In the end, consensual Dominance and submission is a game. It’s a game that a couple plays together, each partner fulfilling their own role. There are a set of “traditional” rules to follow, but the couple tweaks those rules as necessary to fit their own, individual needs and desires in a sort of kinky “Calvinball”. When played correctly, there are no losers—both partners play on the same side, and both win together. And when it is played correctly, it is fun. D/s engages the couple’s hearts, minds and libidos, mixing them in a churning mass of excitement and intimacy and fulfillment.

Oh, I know some people play the game very seriously—they might describe it more as a way of life than something that they play at. However, the fact that it is consensual, that each partner agrees to abide by the rules they have set and has the option to withdraw from the D/s arrangement at any time, makes it a game rather than a reality. That’s not meant to be disparaging, by the way. D/s is the best game I know—the one that has given me the most pleasure, and the one that I have enjoyed playing the most.

Because it is a game, D/s is more a luxury than a necessity. People play at things when they have leisure time, when the necessities of life have been met and they have time and resources to be able to expend against something fun. Many people would say that D/s is decadent, and in a sense, I suppose it is. Only situations where couples have free time and extra energy to spend together in private allow for consensual D/s. If you have to scratch to live and support your family, you have no time to play games. More than that, the stress that comes from uncertain living conditions can eat away at the trust necessary between the partners to allow D/s to flourish. Without sufficient trust, the game comes to a halt as one or both players decide not to participate.

Games are important, however. Maslow’s pyramid does not end at the subsistence level. We reach for the higher levels to try to attain happiness once basic needs are met. While I suspect Maslow may have had less carnal pursuits in mind, D/s and BDSM clearly fall into the “self-actualization” category, the highest tier of his pyramid. By engaging in D/s, we become more than we were before we started, and our relationship together becomes more than it was as well. It is something that we aspire to, together, as a couple.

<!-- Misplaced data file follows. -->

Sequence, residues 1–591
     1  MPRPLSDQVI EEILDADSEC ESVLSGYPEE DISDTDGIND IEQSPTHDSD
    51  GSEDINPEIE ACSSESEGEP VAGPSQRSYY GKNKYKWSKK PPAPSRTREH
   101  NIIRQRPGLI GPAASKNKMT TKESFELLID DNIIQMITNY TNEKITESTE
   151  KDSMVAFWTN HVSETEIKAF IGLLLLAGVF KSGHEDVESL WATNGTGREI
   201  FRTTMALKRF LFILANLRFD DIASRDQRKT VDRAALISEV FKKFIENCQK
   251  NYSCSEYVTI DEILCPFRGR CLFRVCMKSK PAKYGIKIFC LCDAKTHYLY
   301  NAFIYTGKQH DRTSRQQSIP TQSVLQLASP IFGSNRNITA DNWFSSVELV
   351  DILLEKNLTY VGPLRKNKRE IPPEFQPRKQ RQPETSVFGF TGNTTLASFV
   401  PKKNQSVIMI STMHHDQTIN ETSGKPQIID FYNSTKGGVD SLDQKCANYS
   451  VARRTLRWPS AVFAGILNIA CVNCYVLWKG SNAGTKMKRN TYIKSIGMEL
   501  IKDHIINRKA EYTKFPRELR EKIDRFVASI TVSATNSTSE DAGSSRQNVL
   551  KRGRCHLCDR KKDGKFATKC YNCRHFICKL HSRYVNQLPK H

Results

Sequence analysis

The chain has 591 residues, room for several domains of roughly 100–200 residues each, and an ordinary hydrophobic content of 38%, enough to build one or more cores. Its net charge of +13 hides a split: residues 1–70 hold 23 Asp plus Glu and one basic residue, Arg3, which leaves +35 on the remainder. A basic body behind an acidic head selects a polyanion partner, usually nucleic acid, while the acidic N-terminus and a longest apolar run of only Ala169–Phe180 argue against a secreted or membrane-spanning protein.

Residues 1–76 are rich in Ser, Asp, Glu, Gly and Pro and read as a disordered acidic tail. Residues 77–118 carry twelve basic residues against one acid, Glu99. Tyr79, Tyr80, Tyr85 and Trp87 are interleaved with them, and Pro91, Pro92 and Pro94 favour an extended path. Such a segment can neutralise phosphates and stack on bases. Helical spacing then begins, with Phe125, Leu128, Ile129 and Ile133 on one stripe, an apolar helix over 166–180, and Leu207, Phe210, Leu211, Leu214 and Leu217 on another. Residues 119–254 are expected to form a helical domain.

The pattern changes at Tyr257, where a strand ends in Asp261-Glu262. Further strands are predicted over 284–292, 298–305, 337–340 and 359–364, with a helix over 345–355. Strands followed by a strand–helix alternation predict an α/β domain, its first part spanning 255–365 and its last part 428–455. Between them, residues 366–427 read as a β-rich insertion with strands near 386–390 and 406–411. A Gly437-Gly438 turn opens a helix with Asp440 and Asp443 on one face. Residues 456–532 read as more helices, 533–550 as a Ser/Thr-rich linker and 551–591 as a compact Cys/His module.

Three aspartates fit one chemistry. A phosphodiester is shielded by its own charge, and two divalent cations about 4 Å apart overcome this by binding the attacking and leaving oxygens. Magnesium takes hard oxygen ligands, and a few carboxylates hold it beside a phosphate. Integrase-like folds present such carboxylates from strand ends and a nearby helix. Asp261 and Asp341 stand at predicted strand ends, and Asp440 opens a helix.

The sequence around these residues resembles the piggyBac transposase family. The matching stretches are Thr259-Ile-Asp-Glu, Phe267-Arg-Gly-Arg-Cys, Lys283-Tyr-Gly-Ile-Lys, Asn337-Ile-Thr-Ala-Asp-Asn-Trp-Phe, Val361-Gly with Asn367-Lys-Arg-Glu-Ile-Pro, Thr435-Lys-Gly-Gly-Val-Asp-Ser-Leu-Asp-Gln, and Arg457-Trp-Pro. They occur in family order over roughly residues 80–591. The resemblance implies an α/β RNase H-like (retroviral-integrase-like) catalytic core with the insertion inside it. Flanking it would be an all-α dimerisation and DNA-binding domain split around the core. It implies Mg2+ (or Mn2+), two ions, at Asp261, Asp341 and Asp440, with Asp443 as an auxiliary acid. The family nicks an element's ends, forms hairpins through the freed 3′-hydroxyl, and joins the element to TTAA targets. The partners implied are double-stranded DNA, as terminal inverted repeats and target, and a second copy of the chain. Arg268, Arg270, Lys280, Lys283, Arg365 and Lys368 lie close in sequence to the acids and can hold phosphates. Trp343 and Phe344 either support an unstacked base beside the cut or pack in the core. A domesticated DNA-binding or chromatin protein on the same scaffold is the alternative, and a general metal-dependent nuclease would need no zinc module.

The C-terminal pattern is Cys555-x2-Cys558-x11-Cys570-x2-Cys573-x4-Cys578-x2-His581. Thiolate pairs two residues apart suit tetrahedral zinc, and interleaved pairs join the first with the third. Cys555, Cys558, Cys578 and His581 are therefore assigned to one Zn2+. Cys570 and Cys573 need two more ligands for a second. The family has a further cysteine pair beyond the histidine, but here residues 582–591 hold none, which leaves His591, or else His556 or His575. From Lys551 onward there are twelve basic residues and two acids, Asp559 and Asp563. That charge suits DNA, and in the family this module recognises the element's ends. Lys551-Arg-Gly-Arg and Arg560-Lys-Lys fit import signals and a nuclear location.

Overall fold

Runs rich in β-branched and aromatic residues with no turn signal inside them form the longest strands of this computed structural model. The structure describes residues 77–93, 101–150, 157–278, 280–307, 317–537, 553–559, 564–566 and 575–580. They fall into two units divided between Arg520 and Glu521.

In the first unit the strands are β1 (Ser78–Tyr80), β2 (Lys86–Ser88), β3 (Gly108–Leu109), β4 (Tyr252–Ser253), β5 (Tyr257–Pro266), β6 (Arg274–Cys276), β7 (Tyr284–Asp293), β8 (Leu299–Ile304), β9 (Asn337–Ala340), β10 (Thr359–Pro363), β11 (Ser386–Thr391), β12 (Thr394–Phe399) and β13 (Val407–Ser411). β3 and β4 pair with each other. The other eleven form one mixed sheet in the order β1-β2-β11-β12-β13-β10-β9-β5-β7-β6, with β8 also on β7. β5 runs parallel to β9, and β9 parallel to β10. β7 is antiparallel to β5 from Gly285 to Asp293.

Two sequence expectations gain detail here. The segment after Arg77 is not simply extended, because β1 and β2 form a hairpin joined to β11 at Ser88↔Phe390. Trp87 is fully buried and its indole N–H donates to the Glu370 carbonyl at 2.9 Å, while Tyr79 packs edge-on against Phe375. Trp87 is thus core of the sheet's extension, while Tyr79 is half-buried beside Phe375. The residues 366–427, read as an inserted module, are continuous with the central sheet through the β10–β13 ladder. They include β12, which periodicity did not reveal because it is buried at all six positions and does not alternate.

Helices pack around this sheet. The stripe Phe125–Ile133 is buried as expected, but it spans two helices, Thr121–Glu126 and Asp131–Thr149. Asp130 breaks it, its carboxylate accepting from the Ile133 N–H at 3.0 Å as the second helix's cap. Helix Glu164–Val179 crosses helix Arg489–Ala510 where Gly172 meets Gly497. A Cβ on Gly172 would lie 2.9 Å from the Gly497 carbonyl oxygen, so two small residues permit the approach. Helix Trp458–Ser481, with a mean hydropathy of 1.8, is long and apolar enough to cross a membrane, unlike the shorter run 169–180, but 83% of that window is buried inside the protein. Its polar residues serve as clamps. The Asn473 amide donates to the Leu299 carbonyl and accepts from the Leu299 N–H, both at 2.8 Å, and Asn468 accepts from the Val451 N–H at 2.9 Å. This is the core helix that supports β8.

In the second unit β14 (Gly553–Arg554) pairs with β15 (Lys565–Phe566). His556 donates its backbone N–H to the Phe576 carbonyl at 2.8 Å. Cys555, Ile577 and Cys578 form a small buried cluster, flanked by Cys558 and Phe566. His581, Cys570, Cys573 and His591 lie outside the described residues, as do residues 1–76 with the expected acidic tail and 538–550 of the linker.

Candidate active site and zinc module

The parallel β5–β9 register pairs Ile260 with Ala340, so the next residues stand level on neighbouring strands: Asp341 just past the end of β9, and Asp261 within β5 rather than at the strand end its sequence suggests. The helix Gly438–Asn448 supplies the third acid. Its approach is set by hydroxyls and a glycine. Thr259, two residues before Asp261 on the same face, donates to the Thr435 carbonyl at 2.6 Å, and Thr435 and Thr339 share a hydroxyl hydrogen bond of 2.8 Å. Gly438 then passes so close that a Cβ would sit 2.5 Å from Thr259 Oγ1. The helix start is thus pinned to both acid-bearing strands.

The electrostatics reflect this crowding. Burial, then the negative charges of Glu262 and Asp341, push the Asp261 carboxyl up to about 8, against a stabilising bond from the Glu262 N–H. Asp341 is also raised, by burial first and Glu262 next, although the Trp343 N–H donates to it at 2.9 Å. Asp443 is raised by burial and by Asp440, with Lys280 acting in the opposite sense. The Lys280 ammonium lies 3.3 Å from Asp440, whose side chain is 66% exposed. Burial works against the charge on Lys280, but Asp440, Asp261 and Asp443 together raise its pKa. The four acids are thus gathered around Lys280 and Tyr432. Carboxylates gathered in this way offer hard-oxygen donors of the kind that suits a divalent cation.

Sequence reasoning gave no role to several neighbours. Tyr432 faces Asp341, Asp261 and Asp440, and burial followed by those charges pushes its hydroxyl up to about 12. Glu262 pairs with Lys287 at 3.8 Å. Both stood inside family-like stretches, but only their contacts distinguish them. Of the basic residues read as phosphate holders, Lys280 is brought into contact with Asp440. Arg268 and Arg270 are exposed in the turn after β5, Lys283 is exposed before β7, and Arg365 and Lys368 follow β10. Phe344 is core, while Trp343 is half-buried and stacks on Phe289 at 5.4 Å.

In the past, I have stated my belief that a bedroom D/s arrangement may not be entirely stable. Dominance and submission tend to creep–they expand, slowly, outside the walls of the bedroom. This can happen both in physical ways and in mental ones. It takes active vigilance to stop them from gradually consuming more and more space within the relationship they inhabit. One cause of the issues that Joy and I are currently working our way through seems to have been that our D/s has crept beyond the bedroom, especially within Joy’s mind and self-image.

It can be quite easy to forget that it is all a game. It can be easy to forget that what one does is not the same as what one is…or perhaps, to fight the fear that what one does may be what one becomes. Joy, who has a strong will and a powerful intellect, has struggled with that. The boundaries of the bedroom weaken and blur, and she begins to feel lost in submission, as though it is threatening her ability to exist as her independent self outside of the boudoir.

As Joy and I have worked through the recent issues we’ve been having around D/s, many contributing factors have come to light. The failure to perceive BDSM as only a game, and the sense that it has expanded beyond the bedroom and into her normal life both appear to be causes. This is a lesson for me–part of the fun of D/s comes from making it seem as real as possible, but I must bear in mind not to make it too real, and to help Joy to remember that we play together.

Lessons learned for both of us…

Enjoy yourself,

Jake

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